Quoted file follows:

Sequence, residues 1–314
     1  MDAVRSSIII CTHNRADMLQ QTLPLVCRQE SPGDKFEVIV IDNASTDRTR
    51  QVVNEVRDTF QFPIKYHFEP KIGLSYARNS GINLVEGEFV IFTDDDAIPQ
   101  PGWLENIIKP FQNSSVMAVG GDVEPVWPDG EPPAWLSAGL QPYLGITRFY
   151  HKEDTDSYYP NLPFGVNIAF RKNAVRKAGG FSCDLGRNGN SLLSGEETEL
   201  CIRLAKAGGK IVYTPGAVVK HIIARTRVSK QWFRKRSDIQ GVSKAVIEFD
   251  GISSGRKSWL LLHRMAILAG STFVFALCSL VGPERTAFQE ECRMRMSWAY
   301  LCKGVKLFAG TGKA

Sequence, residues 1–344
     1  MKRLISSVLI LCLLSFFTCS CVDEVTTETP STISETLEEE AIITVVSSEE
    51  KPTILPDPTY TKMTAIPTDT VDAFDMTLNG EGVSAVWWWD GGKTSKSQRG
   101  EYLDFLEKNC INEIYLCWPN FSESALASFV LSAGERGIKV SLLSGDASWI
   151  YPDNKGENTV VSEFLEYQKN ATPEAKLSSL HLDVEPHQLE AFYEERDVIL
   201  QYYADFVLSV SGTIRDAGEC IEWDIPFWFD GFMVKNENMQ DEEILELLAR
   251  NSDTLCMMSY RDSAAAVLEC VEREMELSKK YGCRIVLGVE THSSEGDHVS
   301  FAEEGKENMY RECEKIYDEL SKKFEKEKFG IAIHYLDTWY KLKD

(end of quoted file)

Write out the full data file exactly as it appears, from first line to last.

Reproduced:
Sequence, residues 1–314
     1  MDAVRSSIII CTHNRADMLQ QTLPLVCRQE SPGDKFEVIV IDNASTDRTR
    51  QVVNEVRDTF QFPIKYHFEP KIGLSYARNS GINLVEGEFV IFTDDDAIPQ
   101  PGWLENIIKP FQNSSVMAVG GDVEPVWPDG EPPAWLSAGL QPYLGITRFY
   151  HKEDTDSYYP NLPFGVNIAF RKNAVRKAGG FSCDLGRNGN SLLSGEETEL
   201  CIRLAKAGGK IVYTPGAVVK HIIARTRVSK QWFRKRSDIQ GVSKAVIEFD
   251  GISSGRKSWL LLHRMAILAG STFVFALCSL VGPERTAFQE ECRMRMSWAY
   301  LCKGVKLFAG TGKA

Sequence, residues 1–344
     1  MKRLISSVLI LCLLSFFTCS CVDEVTTETP STISETLEEE AIITVVSSEE
    51  KPTILPDPTY TKMTAIPTDT VDAFDMTLNG EGVSAVWWWD GGKTSKSQRG
   101  EYLDFLEKNC INEIYLCWPN FSESALASFV LSAGERGIKV SLLSGDASWI
   151  YPDNKGENTV VSEFLEYQKN ATPEAKLSSL HLDVEPHQLE AFYEERDVIL
   201  QYYADFVLSV SGTIRDAGEC IEWDIPFWFD GFMVKNENMQ DEEILELLAR
   251  NSDTLCMMSY RDSAAAVLEC VEREMELSKK YGCRIVLGVE THSSEGDHVS
   301  FAEEGKENMY RECEKIYDEL SKKFEKEKFG IAIHYLDTWY KLKD